1200 W Washington St
December 7, 2023
Integrating Ethics into the Business of Philanthropy
Presented by Doug White
What if we could do it over again? Would we make the same assumptions? Would we make the same promises? Although most planned gifts go smoothly, the ones that don’t are the ones we – and our donors – hear about, and it behooves us to know to ask the right questions, and answer them, before a situation gets out of hand. In this session, after a general introduction to ethical decision-making, we will, using the principles in that introduction, interactively discuss – and perhaps debate – examples. There have been numerous instances over the years where donors have become dissatisfied with how their gifts are being stewarded. As well, charities have at times found themselves in a bind over their association with some donors. In this presentation, Doug White will examine actual examples of gifts that have gone wrong and suggest steps charities can take to ensure that gifts are both established and stewarded properly.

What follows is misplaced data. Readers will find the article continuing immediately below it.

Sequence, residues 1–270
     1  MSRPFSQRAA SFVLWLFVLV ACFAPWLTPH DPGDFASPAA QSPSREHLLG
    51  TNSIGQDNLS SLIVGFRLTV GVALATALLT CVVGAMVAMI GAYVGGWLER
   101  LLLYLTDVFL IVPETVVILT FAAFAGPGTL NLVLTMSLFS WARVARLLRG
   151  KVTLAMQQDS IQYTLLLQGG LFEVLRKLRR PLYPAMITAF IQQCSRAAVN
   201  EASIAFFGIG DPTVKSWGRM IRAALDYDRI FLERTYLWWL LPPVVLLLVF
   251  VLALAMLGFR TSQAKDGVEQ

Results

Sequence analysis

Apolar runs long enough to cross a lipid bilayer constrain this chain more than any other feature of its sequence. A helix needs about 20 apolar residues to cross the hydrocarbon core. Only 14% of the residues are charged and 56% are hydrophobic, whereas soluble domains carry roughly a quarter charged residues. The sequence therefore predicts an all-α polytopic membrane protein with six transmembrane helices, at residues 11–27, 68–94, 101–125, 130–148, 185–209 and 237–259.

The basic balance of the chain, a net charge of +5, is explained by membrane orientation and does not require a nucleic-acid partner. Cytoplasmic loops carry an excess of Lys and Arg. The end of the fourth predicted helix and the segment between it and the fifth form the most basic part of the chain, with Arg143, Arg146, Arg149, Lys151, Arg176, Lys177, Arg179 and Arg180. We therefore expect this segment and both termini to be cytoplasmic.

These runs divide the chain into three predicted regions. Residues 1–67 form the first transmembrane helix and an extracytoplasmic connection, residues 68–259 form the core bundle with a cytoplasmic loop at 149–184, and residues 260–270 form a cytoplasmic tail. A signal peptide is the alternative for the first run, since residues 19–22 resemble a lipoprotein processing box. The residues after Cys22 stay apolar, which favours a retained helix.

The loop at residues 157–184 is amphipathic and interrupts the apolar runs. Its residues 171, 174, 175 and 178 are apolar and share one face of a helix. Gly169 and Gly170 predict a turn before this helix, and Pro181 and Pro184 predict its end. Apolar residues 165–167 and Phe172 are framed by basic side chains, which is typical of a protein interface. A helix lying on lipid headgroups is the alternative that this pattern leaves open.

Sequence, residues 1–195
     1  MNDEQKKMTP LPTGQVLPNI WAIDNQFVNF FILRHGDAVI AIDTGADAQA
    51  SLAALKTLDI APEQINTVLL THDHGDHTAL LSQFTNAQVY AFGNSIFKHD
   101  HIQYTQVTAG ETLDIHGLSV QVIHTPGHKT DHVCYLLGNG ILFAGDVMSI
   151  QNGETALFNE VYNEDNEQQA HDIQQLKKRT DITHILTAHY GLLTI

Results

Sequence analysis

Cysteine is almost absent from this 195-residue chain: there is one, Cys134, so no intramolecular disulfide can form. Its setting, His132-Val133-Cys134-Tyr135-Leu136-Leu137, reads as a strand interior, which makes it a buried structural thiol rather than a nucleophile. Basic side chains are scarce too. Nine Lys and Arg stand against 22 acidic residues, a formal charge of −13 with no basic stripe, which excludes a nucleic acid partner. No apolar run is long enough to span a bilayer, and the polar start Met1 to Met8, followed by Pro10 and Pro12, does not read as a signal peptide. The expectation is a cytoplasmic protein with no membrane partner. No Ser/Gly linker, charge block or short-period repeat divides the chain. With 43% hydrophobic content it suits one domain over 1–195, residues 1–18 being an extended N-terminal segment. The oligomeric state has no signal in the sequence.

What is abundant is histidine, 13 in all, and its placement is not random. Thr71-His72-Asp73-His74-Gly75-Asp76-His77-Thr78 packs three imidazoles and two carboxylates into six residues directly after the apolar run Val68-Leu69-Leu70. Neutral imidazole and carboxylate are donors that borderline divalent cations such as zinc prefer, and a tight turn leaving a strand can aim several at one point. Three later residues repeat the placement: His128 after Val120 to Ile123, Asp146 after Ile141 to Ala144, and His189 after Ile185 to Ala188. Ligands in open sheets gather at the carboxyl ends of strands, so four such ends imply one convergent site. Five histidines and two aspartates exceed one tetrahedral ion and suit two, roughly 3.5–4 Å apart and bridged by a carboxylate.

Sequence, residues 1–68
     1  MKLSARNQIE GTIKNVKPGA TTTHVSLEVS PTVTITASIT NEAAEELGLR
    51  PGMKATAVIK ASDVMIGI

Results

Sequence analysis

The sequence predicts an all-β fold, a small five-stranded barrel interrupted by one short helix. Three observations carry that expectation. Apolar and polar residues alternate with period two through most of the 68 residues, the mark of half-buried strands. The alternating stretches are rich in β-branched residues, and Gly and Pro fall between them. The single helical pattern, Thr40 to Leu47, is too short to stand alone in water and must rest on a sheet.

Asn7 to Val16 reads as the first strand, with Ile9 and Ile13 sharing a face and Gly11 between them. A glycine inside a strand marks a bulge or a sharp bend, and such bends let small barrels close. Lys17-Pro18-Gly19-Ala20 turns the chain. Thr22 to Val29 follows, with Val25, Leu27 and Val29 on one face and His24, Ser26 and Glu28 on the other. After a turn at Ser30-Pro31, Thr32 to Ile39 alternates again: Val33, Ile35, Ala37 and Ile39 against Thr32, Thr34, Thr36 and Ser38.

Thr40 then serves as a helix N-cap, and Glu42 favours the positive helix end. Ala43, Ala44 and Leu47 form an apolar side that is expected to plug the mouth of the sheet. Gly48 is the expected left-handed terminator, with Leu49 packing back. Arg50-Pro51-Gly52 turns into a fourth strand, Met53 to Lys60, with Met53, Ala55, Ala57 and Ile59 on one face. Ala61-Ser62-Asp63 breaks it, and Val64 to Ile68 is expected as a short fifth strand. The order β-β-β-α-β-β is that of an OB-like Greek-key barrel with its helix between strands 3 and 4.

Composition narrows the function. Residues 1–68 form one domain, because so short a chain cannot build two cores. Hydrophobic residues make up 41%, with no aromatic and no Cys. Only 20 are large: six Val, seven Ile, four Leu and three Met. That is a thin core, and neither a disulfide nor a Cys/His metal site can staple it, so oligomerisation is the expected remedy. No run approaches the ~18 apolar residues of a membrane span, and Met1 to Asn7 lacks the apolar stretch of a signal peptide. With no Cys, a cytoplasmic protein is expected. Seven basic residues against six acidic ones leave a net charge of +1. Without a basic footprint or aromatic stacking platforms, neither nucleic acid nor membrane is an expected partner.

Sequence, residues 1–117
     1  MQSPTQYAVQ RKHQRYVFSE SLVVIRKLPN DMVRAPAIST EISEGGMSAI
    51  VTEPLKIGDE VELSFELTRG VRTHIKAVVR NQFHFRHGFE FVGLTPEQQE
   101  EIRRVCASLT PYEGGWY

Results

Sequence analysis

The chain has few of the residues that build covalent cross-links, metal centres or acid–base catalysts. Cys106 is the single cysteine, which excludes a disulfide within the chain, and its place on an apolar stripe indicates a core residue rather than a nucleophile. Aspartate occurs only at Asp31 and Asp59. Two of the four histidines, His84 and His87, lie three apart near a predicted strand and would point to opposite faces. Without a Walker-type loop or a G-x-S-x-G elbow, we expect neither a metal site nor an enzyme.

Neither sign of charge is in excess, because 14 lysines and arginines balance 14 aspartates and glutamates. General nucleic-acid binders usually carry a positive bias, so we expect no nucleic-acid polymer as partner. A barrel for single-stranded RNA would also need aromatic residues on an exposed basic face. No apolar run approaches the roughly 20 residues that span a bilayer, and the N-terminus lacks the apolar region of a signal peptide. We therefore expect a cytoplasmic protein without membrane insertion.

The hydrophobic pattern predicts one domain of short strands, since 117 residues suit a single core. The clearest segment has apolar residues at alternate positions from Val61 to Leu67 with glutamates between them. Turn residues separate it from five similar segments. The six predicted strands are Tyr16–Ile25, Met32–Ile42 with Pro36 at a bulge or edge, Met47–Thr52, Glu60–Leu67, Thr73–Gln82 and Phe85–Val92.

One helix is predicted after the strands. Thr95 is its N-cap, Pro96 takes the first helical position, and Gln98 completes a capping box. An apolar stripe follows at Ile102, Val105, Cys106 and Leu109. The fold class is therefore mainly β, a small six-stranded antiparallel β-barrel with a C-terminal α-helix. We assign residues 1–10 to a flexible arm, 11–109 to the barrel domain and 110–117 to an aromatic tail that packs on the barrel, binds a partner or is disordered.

Doug White is a long-time leader in the nation’s philanthropic community. He is an author and an advisor to nonprofit organizations and philanthropists. He is the former Director of Columbia University’s Master of Science in Fundraising Management program, where he also taught board governance, ethics and fundraising. Doug has published five books: “The Art of Planned Giving,” “Charity on Trial,” “The Nonprofit Challenge,” “Abusing Donor Intent,” and “Wounded Charity.” “Wounded Charity,” published in 2019, analyzes the allegations of mismanagement made in January 2016 against Wounded Warrior Project. “Abusing Donor Intent,” published in 2014, chronicles the historic lawsuit brought against Princeton University by the children of Charles and Marie Robertson, the couple who donated $35 million in 1961 to endow the graduate program at the Woodrow Wilson School. Doug works with select organizations on ethical decision-making, board governance, and fundraising, as well as with individual philanthropists who want to see their gifts used most effectively. He writes the ethics column for the National Capital Gift Planning Council (Washington, DC); in 2002 the council presented Doug with its Distinguished Service Award. Doug is a graduate of Dartmouth College and holds a Certificate in “Justice: Moral and Political Philosophy” from Harvard University.